Disjunctive programs: The reduct, ΠX , of a disjunctive program Π relative to a set X of atoms is defined by ΠX = {head(r ) ← body + (r ) | r ∈ Π and body − (r ) ∩ X = ∅}.

A set X of atoms is an answer set of a disjunctive program Π if X ∈ min⊆ (ΠX ). Martin and Torsten (KRR@UP)

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Semantics

Answer sets Positive programs: A set X of atoms is closed under a positive program Π iff for any r ∈ Π, head(r ) ∩ X 6= ∅ whenever body + (r ) ⊆ X . å X corresponds to a model of Π (seen as a formula).

The set of all ⊆-minimal sets of atoms being closed under a positive program Π is denoted by min⊆ (Π). å min⊆ (Π) corresponds to the ⊆-minimal models of Π (ditto).

Disjunctive programs: The reduct, ΠX , of a disjunctive program Π relative to a set X of atoms is defined by ΠX = {head(r ) ← body + (r ) | r ∈ Π and body − (r ) ∩ X = ∅}.

A set X of atoms is an answer set of a disjunctive program Π if X ∈ min⊆ (ΠX ). Martin and Torsten (KRR@UP)

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Examples

A “positive” example  Π=

a ← b ;c ← a



The sets {a, b}, {a, c}, and {a, b, c} are closed under Π. We have min⊆ (Π) = { {a, b}, {a, c} }.

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Examples

A “positive” example  Π=

a ← b ;c ← a



The sets {a, b}, {a, c}, and {a, b, c} are closed under Π. We have min⊆ (Π) = { {a, b}, {a, c} }.

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Examples

A “positive” example  Π=

a ← b ;c ← a



The sets {a, b}, {a, c}, and {a, b, c} are closed under Π. We have min⊆ (Π) = { {a, b}, {a, c} }.

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Examples

More Examples Π1 = {a ; b ; c ←} has answer sets {a}, {b}, and {c}. Π2 = {a ; b ; c ← , ← a} has answer sets {b} and {c}. Π3 = {a ; b ; c ← , ← a , b ← c , c ← b} has answer set {b, c}. Π4 = {a ; b ← c , b ← not a, not c , a ; c ← not b} has answer sets {a} and {b}.

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Examples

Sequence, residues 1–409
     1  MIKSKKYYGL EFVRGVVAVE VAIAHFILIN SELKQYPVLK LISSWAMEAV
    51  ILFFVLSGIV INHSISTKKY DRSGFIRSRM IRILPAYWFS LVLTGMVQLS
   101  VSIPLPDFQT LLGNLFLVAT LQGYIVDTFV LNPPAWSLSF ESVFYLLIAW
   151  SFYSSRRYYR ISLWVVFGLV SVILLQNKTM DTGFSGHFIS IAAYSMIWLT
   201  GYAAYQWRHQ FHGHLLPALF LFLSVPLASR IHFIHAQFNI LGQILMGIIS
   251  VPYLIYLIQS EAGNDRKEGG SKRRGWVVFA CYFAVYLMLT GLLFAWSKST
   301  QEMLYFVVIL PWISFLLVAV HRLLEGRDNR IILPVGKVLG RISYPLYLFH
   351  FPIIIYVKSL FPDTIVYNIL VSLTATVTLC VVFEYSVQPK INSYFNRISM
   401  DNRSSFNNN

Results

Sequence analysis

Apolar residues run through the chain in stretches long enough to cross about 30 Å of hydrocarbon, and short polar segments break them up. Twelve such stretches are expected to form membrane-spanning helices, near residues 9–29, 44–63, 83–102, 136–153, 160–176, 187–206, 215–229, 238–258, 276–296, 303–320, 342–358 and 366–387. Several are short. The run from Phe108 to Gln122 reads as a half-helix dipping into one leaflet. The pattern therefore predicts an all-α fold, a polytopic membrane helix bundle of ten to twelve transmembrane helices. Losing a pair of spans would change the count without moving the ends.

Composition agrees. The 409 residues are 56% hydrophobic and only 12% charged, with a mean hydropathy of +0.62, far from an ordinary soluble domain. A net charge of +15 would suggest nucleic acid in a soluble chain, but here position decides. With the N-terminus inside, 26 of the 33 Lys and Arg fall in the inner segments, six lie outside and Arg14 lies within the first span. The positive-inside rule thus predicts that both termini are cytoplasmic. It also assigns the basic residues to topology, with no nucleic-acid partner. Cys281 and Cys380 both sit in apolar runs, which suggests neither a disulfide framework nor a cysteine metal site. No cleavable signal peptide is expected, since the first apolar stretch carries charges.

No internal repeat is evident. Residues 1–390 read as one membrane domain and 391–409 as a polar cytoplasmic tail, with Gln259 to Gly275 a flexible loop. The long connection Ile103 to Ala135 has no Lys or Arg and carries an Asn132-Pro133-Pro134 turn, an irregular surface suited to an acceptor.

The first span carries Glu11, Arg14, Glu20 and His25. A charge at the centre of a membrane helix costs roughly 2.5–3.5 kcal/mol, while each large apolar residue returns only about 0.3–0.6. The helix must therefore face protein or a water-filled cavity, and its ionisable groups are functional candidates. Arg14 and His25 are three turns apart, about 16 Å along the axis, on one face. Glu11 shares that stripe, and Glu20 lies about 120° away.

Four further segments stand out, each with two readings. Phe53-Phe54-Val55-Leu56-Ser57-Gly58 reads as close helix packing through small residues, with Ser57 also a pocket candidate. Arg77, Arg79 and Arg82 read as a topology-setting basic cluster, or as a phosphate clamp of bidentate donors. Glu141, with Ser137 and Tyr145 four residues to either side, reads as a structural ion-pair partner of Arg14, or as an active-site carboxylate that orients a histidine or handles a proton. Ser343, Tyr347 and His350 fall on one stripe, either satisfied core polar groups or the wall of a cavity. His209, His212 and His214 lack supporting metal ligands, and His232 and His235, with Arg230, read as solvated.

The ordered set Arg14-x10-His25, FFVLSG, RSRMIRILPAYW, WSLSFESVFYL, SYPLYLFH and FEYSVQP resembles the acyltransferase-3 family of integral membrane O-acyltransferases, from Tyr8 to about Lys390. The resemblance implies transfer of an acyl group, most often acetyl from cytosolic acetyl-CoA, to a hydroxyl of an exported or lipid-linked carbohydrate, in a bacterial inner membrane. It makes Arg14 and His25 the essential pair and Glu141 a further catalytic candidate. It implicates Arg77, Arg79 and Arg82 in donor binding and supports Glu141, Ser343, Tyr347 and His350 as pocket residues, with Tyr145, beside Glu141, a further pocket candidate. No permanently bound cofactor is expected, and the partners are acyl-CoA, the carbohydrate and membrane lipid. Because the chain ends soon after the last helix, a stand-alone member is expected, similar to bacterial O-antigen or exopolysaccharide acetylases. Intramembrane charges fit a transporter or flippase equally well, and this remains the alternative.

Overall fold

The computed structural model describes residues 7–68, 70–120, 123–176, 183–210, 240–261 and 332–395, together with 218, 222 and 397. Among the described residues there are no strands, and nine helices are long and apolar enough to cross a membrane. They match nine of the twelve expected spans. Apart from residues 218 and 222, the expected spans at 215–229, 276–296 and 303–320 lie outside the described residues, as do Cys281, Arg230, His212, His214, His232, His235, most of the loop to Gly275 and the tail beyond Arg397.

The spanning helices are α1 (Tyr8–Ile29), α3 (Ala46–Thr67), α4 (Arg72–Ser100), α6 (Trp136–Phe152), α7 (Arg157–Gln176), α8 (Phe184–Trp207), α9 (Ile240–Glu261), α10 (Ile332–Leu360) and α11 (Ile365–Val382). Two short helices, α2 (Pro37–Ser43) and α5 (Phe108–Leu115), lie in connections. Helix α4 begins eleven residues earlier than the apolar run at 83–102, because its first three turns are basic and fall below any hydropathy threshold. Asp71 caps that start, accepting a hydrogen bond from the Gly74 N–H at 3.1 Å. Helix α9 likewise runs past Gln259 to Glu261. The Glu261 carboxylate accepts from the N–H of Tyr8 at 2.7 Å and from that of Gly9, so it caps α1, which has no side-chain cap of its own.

More Examples Π1 = {a ; b ; c ←} has answer sets {a}, {b}, and {c}. Π2 = {a ; b ; c ← , ← a} has answer sets {b} and {c}. Π3 = {a ; b ; c ← , ← a , b ← c , c ← b} has answer set {b, c}. Π4 = {a ; b ← c , b ← not a, not c , a ; c ← not b} has answer sets {a} and {b}.

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Examples

More Examples Π1 = {a ; b ; c ←} has answer sets {a}, {b}, and {c}. Π2 = {a ; b ; c ← , ← a} has answer sets {b} and {c}. Π3 = {a ; b ; c ← , ← a , b ← c , c ← b} has answer set {b, c}. Π4 = {a ; b ← c , b ← not a, not c , a ; c ← not b} has answer sets {a} and {b}.

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Examples

More Examples Π1 = {a ; b ; c ←} has answer sets {a}, {b}, and {c}. Π2 = {a ; b ; c ← , ← a} has answer sets {b} and {c}. Π3 = {a ; b ; c ← , ← a , b ← c , c ← b} has answer set {b, c}. Π4 = {a ; b ← c , b ← not a, not c , a ; c ← not b} has answer sets {a} and {b}.

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Examples

More Examples Π1 = {a ; b ; c ←} has answer sets {a}, {b}, and {c}. Π2 = {a ; b ; c ← , ← a} has answer sets {b} and {c}. Π3 = {a ; b ; c ← , ← a , b ← c , c ← b} has answer set {b, c}. Π4 = {a ; b ← c , b ← not a, not c , a ; c ← not b} has answer sets {a} and {b}.

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Examples

An example with variables  Π

ground(Π)

=

=

a(1, 2) ← b(X ) ; c(Y ) ← a(X , Y ), not c(Y )

 a(1, 2)      b(1) ; c(1) b(1) ; c(2)    b(2) ; c(1)   b(2) ; c(2)

← ← ← ← ←

a(1, 1), not a(1, 2), not a(2, 1), not a(2, 2), not

c(1) c(2) c(1) c(2)



          

For every answer set X of Π, we have a(1, 2) ∈ X and {a(1, 1), a(2, 1), a(2, 2)} ∩ X = ∅.

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Examples

An example with variables  Π

ground(Π)

=

=

a(1, 2) ← b(X ) ; c(Y ) ← a(X , Y ), not c(Y )

 a(1, 2)      b(1) ; c(1) b(1) ; c(2)    b(2) ; c(1)   b(2) ; c(2)

← ← ← ← ←

a(1, 1), not a(1, 2), not a(2, 1), not a(2, 2), not

c(1) c(2) c(1) c(2)



          

For every answer set X of Π, we have a(1, 2) ∈ X and {a(1, 1), a(2, 1), a(2, 2)} ∩ X = ∅.

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Examples

An example with variables  Π

ground(Π)

=

=

a(1, 2) ← b(X ) ; c(Y ) ← a(X , Y ), not c(Y )

 a(1, 2)      b(1) ; c(1) b(1) ; c(2)    b(2) ; c(1)   b(2) ; c(2)